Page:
All About Quartz Clocks
At OnlineClock.net, we consider ourselves to be among the foremost experts on keeping time. Before an Online Clock such as ours existed, we kept time the old-fashioned way, such as with old-fashioned pendulum clocks.
Unfortunately, if you forget to wind one of these old clocks, you will not have the correct time. Luckily, quartz clocks were discovered. Quartz clocks solved all the problems that less accurate methods presented. Quartz clocks and watches work differently than old-fashioned pendulum clocks and mechanical watches. Quartz clocks have gears, but the gears are regulated. A tiny quartz crystal is what regulates the quartz clock.
Quartz is a very common mineral found on Earth. It’s made from a certain chemical compound called silicon dioxide which can be found in sand and various types of rock formations. Interestingly, if you squeeze a quartz crystal, it will generate a tiny electric current. The opposite can also be true. If you pass electricity through quartz, it will vibrate at a precise frequency.
Inside of the quartz clock or watch, the battery sends electricity through the quartz through an electronic circuit. The quartz then oscillates at a precise frequency. This frequency is exactly 32,768 times each second. The circuit will then count the number of vibrations and uses the vibrations to generate regular one second pulses. The pulses can power LCD displays or they can drive a very small electric motor. This motor turns gear wheels that will spin the clock’s hour, minute and second hands.
The electric charge that the quartz generates when mechanical pressure is applied makes it a piezoelectric material.
Piezoelectricity: Electric polarization in a substance (esp. certain crystals) resulting from the application of mechanical stress.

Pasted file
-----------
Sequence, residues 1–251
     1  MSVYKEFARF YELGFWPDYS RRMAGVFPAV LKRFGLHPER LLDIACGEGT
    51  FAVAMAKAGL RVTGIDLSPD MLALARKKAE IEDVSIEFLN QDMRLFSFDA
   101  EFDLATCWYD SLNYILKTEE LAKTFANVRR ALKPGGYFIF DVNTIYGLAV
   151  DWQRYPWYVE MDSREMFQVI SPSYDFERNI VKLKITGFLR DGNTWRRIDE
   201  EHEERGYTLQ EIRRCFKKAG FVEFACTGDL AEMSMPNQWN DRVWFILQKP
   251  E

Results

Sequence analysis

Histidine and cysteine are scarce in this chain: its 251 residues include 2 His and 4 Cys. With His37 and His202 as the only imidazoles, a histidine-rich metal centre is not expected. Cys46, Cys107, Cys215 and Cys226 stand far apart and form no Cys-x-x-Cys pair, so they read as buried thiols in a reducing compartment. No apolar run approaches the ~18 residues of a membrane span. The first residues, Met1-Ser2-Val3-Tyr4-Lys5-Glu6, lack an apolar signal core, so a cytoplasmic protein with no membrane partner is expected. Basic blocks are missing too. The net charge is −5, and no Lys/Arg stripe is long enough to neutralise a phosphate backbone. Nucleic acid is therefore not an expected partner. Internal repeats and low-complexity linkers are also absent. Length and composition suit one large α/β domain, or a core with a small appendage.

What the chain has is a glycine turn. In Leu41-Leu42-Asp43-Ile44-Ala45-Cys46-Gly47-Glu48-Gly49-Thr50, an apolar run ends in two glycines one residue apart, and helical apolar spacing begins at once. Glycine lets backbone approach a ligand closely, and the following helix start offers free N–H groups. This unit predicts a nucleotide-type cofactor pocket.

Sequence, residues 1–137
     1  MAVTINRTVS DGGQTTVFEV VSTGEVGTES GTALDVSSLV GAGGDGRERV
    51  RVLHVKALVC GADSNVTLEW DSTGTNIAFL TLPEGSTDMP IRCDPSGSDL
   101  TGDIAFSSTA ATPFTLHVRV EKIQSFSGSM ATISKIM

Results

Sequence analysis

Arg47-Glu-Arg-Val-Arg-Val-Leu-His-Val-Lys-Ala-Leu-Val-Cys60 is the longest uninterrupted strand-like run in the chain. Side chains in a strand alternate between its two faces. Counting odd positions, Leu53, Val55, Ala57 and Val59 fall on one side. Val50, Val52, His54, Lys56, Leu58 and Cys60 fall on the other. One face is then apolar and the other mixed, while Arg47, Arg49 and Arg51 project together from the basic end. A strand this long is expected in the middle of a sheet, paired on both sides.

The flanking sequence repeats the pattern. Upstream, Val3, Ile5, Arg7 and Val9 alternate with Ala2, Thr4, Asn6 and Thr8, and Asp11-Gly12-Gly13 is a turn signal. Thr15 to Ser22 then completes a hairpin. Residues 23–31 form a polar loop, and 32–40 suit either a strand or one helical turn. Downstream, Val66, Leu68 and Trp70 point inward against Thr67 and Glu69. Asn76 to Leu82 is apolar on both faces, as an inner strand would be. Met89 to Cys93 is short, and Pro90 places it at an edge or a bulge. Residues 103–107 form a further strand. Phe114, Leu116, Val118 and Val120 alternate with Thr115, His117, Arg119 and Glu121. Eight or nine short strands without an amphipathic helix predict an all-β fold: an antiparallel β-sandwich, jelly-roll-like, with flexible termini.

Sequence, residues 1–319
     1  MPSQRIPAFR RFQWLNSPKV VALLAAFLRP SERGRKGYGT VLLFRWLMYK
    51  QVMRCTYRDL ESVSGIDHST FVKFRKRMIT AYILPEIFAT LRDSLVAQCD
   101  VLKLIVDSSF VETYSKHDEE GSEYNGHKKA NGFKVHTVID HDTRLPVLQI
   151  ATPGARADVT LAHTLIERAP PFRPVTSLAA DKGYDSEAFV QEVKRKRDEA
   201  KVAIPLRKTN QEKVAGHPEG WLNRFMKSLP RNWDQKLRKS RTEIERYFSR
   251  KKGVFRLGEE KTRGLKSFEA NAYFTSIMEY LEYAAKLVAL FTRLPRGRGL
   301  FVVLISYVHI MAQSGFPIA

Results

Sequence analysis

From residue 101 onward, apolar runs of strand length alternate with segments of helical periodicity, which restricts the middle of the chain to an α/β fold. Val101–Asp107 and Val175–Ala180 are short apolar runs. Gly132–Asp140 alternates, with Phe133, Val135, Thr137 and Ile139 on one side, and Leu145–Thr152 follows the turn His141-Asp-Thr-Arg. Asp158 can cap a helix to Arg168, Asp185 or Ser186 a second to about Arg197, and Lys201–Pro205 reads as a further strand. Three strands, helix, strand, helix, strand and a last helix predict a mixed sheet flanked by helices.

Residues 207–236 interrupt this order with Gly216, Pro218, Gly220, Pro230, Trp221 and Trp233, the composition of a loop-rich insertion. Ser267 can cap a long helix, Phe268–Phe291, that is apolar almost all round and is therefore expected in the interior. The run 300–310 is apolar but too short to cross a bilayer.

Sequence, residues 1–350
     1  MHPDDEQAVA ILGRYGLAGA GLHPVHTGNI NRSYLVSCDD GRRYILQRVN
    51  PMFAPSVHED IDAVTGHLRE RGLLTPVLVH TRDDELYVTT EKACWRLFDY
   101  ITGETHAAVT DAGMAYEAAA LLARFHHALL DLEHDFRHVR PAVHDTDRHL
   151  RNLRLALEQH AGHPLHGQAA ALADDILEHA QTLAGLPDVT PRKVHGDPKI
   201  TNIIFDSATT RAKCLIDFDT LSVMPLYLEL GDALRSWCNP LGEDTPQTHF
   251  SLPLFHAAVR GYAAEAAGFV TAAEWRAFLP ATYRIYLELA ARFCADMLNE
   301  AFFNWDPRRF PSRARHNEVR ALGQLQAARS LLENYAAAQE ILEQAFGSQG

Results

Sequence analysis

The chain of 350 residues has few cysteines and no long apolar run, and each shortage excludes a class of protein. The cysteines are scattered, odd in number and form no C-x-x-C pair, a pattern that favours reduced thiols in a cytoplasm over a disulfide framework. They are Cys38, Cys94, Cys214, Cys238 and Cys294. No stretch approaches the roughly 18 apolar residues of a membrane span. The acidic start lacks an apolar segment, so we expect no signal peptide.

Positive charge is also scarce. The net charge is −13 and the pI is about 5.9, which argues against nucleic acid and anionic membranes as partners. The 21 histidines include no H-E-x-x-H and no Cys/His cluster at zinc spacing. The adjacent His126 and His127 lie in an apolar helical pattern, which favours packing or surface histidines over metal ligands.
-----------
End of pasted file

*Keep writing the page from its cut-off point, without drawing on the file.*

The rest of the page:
Piezoelectricity was discovered by Pierre and Jaques Curie in 1880. In the earlier part of the 20th century, Walter Cady recognized that quartz crystals could be used to fabricate stable resonators. Cady also found that quartz could be cut in certain ways that would create resonators of just about any frequency that were generally independent of temperature changes. Quartz crystals were first used as a time standard by a man named Warren Marrison. He invented the very first quartz clock in 1927.
The Explosion of the Quartz Wrist Watch
In 1959, Seiko started to develop a quartz wrist watch. The project actually had a codename. It was called 59A. It’s kind of funny now, but back then it was a very secretive project. Within five years, Seiko had a working prototype of a portable quartz watch. It was used in the 1964 Tokyo Summer Olympics.
The first prototype of an actual wrist watch from Seiko was made by the CEH research Lab in Switzerland. From 1965 through 1967, a pioneering developmental project was done on a miniature quartz oscillator, a thermo-compensation module and a dedicated, integrated circuit. The BETA 1 prototype was then produced and set new timekeeping records.
The very first quartz wrist watch to enter production was Seiko 35 SQ Astron, which hit the market on December 25, 1969. A particularly interesting flaw to Seiko’s approach within this new development was that they decided not to patent the entire movement of the quartz wrist watch. One would think with all the secrecy of the development of the quartz watch that Seiko would patent the entire project. That would probably never happen these days. Seiko’s failure to patent this wrist watch allowed other manufacturers to make a quartz wrist watch. This played a paramount role in the quick development of the quartz watch. In less than a decade, the quartz watch was king among all other watches. This ended a 100 year reign for the mechanical watch. Now, even the cheapest watches have quartz movements.